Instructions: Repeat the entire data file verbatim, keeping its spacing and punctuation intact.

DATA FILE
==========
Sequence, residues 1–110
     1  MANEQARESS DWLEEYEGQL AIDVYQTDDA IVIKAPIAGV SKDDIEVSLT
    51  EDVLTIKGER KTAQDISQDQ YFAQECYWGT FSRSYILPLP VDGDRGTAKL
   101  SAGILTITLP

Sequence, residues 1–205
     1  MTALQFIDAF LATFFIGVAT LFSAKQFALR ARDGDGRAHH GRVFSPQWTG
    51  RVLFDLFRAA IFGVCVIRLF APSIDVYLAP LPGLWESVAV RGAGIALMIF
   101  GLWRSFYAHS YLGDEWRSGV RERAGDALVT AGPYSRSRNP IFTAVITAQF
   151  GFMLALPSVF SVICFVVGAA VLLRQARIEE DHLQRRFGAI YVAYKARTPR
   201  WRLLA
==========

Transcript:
Sequence, residues 1–110
     1  MANEQARESS DWLEEYEGQL AIDVYQTDDA IVIKAPIAGV SKDDIEVSLT
    51  EDVLTIKGER KTAQDISQDQ YFAQECYWGT FSRSYILPLP VDGDRGTAKL
   101  SAGILTITLP

Sequence, residues 1–205
     1  MTALQFIDAF LATFFIGVAT LFSAKQFALR ARDGDGRAHH GRVFSPQWTG
    51  RVLFDLFRAA IFGVCVIRLF APSIDVYLAP LPGLWESVAV RGAGIALMIF
   101  GLWRSFYAHS YLGDEWRSGV RERAGDALVT AGPYSRSRNP IFTAVITAQF
   151  GFMLALPSVF SVICFVVGAA VLLRQARIEE DHLQRRFGAI YVAYKARTPR
   201  WRLLA